In 1877, Taylor turned his attention to South America because he believed it represented an opportune context to expand Methodist missions on his Pauline model. In September of that year, Taylor visited New England, addressed the Boston Preachers Meeting, and preached at Methodist churches in Boston, Lynn, and Malden. While visiting the School of Theology he asked a graduating student, Alexander P. Stowell, to act as a “recruiting sergeant for the enlistment of first-class workers for South America.” On October 16, Taylor left for western South America to reconnoiter potential missionary placements in Peru, Bolivia, and Chile. At several cities along the coast, he gathered pledges of English-speaking expatriates to support ministers and school teachers that he promised to send.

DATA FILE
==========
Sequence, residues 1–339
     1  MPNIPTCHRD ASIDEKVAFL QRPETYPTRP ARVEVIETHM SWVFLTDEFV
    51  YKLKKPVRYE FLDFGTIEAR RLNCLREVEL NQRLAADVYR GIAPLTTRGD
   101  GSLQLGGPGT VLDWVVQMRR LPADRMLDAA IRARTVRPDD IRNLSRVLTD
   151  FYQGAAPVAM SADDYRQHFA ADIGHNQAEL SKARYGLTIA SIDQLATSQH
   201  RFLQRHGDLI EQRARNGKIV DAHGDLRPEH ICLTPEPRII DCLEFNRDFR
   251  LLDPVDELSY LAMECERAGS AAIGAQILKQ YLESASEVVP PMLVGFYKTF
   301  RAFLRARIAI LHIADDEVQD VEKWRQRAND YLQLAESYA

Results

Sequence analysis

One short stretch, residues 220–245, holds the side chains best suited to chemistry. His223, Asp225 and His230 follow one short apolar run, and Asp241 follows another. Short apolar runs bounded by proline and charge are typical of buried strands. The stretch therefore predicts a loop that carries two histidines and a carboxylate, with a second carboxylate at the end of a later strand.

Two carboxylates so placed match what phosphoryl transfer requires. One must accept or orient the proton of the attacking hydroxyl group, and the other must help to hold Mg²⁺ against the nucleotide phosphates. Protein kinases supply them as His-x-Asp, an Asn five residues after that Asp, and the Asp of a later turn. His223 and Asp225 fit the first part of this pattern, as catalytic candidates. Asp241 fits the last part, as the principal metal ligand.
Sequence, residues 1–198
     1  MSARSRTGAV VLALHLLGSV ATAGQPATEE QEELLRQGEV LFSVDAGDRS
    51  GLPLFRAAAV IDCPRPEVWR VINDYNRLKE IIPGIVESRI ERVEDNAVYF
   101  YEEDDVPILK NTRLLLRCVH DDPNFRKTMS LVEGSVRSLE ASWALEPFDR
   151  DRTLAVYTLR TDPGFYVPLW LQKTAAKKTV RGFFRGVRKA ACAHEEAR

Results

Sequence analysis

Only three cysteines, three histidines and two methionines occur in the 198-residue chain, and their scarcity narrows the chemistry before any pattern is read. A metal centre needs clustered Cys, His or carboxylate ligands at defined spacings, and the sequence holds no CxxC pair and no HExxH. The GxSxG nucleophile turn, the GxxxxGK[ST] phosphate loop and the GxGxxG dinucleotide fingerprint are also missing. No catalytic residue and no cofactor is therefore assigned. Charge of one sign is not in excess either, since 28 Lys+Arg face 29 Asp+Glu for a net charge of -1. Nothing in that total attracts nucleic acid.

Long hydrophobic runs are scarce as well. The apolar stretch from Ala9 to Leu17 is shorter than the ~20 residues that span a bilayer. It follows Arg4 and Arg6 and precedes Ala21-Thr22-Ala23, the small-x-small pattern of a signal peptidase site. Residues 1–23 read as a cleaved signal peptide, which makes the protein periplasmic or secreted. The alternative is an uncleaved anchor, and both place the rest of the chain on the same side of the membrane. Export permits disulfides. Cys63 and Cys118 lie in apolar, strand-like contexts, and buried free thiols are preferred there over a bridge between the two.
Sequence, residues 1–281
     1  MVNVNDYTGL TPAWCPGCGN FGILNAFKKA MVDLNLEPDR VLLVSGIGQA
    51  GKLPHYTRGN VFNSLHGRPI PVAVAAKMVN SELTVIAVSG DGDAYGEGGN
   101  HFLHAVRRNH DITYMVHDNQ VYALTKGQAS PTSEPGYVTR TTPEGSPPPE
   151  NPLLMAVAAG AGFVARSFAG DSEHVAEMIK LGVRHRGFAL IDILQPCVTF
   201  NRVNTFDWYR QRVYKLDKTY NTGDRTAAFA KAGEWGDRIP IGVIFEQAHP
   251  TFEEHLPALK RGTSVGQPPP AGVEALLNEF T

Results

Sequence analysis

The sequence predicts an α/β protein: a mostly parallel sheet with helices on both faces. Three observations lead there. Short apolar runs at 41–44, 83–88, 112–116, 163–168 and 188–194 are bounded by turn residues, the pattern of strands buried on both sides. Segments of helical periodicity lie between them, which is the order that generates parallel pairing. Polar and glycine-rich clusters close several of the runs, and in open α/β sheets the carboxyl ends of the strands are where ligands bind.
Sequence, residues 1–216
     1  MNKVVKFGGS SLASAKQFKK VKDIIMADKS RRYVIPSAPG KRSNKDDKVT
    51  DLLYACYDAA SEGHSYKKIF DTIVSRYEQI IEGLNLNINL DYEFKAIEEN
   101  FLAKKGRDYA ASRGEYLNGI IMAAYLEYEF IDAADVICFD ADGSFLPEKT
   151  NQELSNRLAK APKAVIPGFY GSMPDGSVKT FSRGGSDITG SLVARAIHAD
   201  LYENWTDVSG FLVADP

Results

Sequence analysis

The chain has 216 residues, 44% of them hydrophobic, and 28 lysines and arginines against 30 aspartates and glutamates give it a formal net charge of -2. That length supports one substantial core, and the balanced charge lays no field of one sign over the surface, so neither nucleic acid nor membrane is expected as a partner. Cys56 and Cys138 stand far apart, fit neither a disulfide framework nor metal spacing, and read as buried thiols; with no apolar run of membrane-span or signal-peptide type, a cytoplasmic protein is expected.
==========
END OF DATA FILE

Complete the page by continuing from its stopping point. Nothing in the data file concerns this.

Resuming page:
When Taylor returned to the U.S., Stowell sent him a list of eight School of Theology classmates “who were ready for orders” as Taylor missionaries. Taylor visited Boston in June 1878 to meet with these candidates. One student who became a Taylor missionary, Ira LaFetra, described his interview with Taylor.

It was in the parlor of a friend’s house that I first met Mr. Taylor. After a brief conversation he said to me, “I want you to go to open the work at Valparaiso.” His words came to me as a call from the Lord. I bowed my head on the chair before me in a moment of prayer to make sure I was not mistaken, and said to him: I should like to see my parents before I go.